Researchers explore the phenomenon of holonomy
BB-8 of Star Wars fame is known for its adorable beeps, dome-shaped head and spherical body. But fighting alongside the Resistance is just one of its many talents. As this spherical robot rolls across surfaces, it’s exhibiting holonomy, a phenomenon in rigid body dynamics that Berkeley researchers think may have broad applications in real-life robotics.
In a study published in the Proceedings of the Royal Society A, co-authors Theresa Honein, a Ph.D. student in mechanical engineering, and Oliver O’Reilly, professor of mechanical engineering and vice provost for undergraduate education, calculated all the different orientations of a rolling sphere in a quest to better understand holonomy. Their findings may lead to new strategies for achieving more efficient navigation with spherical robots.
“Our goal was to compute the change in orientation and to see if it is possible to compute a rectangular path for the rolling sphere, so that any prescribed change in orientation can be achieved,” said Honein. “The results have application to path planning and reorientation for spherical robots such as BB-8.”
But what is holonomy? “Imagine a tennis ball rolling in a closed path, on a tabletop, so that the center of the ball returns to its original location. Surprisingly, the orientation of the ball will have changed, as you’ll notice by looking at the branding markings on the ball,” said O’Reilly. “This same phenomenon is exhibited by BB-8. As the robot moves around a room and returns to its original location, the orientation of its spherical part will have changed, albeit camouflaged by the ingenious magnetic mechanism used to orient its head.”
In the study, the researchers showed that a sphere tracing a closed path returns to its original position but not always to its original orientation. They also showed that any rotation of a sphere (in three dimensions) can be achieved by tracing rectangles in the plane — and presented dimensions of three rectangles that should be traced consecutively to obtain a desired change in orientation of the sphere.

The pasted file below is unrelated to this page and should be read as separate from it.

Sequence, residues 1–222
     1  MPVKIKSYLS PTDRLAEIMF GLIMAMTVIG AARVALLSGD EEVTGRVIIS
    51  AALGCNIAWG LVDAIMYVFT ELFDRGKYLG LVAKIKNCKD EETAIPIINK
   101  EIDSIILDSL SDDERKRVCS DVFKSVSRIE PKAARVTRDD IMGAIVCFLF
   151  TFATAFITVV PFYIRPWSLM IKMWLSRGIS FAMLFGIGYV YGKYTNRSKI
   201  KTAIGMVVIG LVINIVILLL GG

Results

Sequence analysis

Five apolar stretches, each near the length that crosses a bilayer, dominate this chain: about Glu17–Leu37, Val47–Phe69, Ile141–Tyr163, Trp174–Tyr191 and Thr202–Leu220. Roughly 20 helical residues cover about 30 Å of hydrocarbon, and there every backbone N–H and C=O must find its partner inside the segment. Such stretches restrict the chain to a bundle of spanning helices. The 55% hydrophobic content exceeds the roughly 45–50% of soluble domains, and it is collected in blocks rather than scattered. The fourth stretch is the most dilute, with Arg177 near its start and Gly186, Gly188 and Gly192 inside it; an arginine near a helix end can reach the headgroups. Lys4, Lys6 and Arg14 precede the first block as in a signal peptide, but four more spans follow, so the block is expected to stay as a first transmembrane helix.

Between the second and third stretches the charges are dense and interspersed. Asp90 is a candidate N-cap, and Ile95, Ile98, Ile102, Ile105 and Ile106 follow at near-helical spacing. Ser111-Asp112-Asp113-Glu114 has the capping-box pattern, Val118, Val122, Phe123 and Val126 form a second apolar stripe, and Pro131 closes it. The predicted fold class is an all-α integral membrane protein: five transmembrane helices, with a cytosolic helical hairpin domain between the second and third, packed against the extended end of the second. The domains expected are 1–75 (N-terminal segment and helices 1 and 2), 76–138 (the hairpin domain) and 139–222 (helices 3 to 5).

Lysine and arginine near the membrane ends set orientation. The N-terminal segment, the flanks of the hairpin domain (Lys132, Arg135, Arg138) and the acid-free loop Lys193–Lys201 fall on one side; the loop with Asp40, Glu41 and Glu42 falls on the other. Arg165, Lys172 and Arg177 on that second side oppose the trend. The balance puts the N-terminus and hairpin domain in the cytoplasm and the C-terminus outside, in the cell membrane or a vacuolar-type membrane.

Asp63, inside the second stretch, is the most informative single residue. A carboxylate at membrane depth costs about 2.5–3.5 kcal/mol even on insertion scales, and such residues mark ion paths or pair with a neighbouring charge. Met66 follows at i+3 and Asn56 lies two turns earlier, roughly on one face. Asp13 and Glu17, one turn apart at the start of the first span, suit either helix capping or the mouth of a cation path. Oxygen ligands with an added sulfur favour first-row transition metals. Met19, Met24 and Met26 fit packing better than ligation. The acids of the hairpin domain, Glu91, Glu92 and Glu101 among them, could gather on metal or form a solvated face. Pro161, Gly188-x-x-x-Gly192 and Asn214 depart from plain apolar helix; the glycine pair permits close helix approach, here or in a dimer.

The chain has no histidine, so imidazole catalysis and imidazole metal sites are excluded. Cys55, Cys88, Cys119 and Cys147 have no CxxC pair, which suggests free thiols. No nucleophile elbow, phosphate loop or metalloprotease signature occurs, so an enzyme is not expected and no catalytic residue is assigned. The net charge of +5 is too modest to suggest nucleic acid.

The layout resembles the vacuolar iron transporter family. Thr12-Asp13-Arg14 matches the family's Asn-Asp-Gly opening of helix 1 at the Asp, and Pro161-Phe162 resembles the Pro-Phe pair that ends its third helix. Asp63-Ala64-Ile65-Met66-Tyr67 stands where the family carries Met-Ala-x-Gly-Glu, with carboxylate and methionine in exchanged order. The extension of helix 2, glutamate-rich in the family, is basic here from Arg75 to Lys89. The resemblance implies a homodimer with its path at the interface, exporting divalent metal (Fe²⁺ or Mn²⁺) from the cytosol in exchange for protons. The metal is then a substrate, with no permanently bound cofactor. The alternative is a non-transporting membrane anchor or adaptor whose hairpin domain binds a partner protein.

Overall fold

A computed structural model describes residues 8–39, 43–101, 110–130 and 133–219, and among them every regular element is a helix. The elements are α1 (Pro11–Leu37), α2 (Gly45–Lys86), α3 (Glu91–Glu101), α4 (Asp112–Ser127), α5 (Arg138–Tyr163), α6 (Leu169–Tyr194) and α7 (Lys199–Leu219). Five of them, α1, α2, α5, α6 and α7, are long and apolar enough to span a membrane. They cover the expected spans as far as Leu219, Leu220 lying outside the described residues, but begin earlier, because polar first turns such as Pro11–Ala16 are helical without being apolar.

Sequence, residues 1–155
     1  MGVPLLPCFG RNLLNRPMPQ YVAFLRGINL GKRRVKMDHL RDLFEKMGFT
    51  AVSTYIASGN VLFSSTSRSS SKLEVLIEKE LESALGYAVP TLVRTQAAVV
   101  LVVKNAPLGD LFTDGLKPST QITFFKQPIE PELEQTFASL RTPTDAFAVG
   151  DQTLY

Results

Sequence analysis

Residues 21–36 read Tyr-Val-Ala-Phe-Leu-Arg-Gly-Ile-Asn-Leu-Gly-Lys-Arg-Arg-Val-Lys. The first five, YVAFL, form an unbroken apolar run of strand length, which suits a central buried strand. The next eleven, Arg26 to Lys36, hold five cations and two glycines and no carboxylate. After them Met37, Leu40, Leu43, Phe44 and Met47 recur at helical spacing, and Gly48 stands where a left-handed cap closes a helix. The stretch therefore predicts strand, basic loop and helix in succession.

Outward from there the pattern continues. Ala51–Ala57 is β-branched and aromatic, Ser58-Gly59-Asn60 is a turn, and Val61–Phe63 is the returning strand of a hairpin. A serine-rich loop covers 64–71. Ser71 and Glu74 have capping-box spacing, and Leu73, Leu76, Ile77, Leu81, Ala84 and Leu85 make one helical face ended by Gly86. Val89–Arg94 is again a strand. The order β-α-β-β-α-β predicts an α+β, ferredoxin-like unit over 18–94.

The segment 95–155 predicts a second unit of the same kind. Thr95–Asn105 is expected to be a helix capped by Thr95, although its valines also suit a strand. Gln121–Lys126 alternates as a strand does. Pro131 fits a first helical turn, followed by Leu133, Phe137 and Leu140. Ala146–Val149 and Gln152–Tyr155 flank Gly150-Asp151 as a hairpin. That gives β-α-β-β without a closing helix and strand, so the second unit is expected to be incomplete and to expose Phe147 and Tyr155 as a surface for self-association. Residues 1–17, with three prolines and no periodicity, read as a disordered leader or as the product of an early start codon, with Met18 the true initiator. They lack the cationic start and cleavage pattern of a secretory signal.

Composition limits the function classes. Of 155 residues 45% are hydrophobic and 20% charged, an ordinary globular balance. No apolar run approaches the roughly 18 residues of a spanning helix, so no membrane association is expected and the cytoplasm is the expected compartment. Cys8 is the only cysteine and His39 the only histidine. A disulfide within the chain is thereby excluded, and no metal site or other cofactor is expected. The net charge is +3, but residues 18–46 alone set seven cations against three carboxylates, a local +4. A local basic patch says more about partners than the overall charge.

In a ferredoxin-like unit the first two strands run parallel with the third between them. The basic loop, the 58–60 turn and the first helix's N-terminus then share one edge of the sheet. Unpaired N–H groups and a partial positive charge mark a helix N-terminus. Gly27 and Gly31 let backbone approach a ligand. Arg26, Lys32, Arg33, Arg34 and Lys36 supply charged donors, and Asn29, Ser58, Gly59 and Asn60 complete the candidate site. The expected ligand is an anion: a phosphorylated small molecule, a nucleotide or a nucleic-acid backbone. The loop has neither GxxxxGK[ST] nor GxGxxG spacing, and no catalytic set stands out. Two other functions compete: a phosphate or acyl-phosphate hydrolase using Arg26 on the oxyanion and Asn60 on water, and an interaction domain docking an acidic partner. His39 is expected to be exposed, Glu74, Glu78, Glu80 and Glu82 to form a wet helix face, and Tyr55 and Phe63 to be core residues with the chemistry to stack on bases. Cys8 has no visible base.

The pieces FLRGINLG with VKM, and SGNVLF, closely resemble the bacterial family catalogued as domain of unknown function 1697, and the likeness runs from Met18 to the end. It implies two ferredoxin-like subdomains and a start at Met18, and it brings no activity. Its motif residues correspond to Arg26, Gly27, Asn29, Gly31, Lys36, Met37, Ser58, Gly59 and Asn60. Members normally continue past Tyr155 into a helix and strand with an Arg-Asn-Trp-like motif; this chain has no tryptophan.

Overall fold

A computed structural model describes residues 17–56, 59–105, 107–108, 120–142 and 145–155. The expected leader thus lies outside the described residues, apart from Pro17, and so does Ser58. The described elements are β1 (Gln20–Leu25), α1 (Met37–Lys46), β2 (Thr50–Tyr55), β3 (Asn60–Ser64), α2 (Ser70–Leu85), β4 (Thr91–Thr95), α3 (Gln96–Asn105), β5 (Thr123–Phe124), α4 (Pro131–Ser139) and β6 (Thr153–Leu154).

“The surprising result was that we showed how any change in the orientation of a sphere [in three dimensions] can be achieved by tracing three interlocked rectangles on the plane,” said Honein. “This finding used one of three methods for describing rotations developed by the famous mathematician Leonhard Euler in the 18th century.”
The researchers now can explain the complicated concept of holonomy in straightforward terms, using a simple example. In addition, these same ideas can be applied to more complicated motions, opening the door to pedagogical applications.
“Our work can be easily used in courses to demonstrate and explain holonomy and to help students gain additional insight into more challenging examples, including parallel parking for self-driving cars,” said O’Reilly.
Spherical robots like BB-8 might seem like a novelty, but they have potential real-world applications in surveillance, environmental monitoring, and underwater and planetary exploration. Honein and O’Reilly’s work could help ensure that these robots are ready to roll, so to speak.
“By better understanding holonomy, researchers could design algorithms to optimize robots’ pathways, potentially saving them time and energy performing these tasks,” said Honein.